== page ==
For now, the plan seems to be building around the team’s young core of Marcus Smart, Jaylen Brown and Jayson Tatum while hoping UConn product Walker and the hopefully-rehabilitated Hayward, provide the veteran leadership needed to integrate so many NBA novates. That latter category also includes French center Vincent Poirier, and could grow to include Summer League sensation Tacko Fall by training camp.

Boston’s front office should be commended for recovering from such a series of disasters this summer, remaining poised to re-enter the contention picture should one of their young players take a step forward, particularly if it solidifies the team’s biggest weakness – the frontcourt rotation. That isn’t likely to be solved with the collection of bigs currently on the roster, but it’s not out of the question that coach Brad Stevens may be able to make a strong facsimile of a contender out of more coachable players, while either an in-house candidate or viable trade candidate emerges.

Key Points

1. Renewed focus on chemistry

The Celtics have done a great job of retooling while staying relevant, but have work ahead of them to make the pieces fit. There’s a few veteran voices who’ll need to set the tone despite lack of ties to the team (Walker, Kanter), relative youth (Smart), or level of recovery (Hayward). Solid results from summer play hint at this team’s ceiling, but a roster with less talent and similar potential issues may produce worse results than previous campaigns.

2. Fit

With so many departures, finding a functional rotation will be a challenge. Mercifully (and likely intentionally), this roster has bodies and skill sets more disposed to coach Brad Stevens’ preferred style of play. From All-NBA guard Kemba Walker to two-way contract floor general Tremont Waters, player coachability and facility in Stevens’ read-and-react offense are evident. The biggest questions are who’ll be moving the rock, who’ll provide the firepower, and, most importantly, how the team will defend with so many more middling to bad defenders than last season.

3. Can they play defense?

This may be the biggest hurdle to meeting the coming season’s lower expectations. More hubris and less buy-in than we’ve seen in this summer’s largely meaningless tilts, could create the sort of chaos we saw last year, whilst also jeopardizing the team’s designs on nearer-term contention. But getting players known for their (short) stature, bad defense, or both to buy into Stevens’ often-overachieving defenses could see a return to the ex-Butler coach’s tendency to exceed expectations.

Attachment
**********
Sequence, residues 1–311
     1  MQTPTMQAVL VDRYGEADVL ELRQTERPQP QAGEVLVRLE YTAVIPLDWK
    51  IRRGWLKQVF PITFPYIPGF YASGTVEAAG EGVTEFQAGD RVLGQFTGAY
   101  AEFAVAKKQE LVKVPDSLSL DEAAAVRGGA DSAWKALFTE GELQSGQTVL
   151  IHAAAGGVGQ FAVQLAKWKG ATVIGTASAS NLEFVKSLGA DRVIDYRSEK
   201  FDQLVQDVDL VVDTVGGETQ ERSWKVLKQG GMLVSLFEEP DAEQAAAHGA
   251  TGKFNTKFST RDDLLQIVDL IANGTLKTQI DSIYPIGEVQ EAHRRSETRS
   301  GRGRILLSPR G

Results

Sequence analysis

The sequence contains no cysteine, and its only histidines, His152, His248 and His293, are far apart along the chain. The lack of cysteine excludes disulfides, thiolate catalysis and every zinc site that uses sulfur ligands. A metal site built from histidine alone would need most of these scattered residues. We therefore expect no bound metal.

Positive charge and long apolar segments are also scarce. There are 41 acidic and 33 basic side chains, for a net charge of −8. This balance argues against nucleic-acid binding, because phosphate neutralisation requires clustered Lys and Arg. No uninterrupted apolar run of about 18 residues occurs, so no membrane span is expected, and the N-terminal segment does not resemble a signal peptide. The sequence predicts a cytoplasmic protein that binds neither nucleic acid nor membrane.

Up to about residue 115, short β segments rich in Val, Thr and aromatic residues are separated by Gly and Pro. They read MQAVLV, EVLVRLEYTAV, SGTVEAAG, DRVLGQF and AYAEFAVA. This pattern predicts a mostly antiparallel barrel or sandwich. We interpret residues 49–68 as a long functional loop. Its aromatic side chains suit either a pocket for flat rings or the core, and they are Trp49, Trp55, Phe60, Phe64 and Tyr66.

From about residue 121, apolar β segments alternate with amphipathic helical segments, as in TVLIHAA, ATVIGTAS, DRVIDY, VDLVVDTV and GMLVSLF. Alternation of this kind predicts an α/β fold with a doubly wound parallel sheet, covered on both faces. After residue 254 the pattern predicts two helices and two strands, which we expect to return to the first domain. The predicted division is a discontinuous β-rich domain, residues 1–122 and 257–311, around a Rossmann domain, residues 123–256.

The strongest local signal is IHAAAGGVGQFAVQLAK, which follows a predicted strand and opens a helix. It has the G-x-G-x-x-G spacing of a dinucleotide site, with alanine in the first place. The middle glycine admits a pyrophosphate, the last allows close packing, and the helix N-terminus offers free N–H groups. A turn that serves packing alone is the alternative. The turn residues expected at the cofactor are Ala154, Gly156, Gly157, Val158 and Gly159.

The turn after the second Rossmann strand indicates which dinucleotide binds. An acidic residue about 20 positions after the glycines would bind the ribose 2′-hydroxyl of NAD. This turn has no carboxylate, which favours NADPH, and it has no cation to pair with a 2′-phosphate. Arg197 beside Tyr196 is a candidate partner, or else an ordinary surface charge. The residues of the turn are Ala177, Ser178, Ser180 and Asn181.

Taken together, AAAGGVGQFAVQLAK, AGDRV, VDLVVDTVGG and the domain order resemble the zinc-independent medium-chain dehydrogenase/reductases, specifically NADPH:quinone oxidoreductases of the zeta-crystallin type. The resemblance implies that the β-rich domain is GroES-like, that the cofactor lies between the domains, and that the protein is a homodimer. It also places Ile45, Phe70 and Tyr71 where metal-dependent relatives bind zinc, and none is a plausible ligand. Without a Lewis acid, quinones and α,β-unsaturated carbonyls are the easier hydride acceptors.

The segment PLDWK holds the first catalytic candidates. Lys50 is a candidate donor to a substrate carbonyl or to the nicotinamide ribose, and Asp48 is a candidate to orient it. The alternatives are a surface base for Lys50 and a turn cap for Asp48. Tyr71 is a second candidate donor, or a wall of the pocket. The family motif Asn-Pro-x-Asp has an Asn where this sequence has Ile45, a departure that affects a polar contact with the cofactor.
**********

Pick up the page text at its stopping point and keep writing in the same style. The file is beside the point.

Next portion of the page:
Key Players

Kemba Walker | 25.6 ppg, 4.4 rpg, 5.9 apg

A killer in the clutch, known for making those around him better – a career season with this much talent around him is definitely on the table.

Gordon Hayward | 11.5 ppg, 4.5 rpg, 3.4 apg

A potential free agent by season’s end, Hayward seems poised to rehabilitate his value – but to what level?

Marcus Smart | 8.9 ppg, 2.9 rpg, 4.0 apg

Having found his shot in his fourth season, Boston’s longest-tenured player can solidify his newfound two-way status with more consistent offense and his trademark defense.

Jaylen Brown | 13.0 ppg, 4.2 rpg, 1.4 apg

Another potential free agent next summer, Brown has much to prove in terms of both deserving the Brinks Truck-sized payday he’s hoping for — and to silence doubters saying he’ll never deserve it.

Jayson Tatum | 15.7 ppg, 6.0 rpg, 2.1 apg

Perhaps more than any other player, Tatum’s growth will determine the path the franchise takes. If he lives up to the hype, the sky’s the limit. Anything less, and big changes may come.


Justin Quinn

Justin is our resident Anthropologist. In fact, he's our only Anthropologist. When he's not engaged in the practice of anthropology, he's writing about all things basketball. He finds it difficult to not mention the Boston Celtics and often contributes to multiple USAToday Sports Media Group sites and Off The Glass.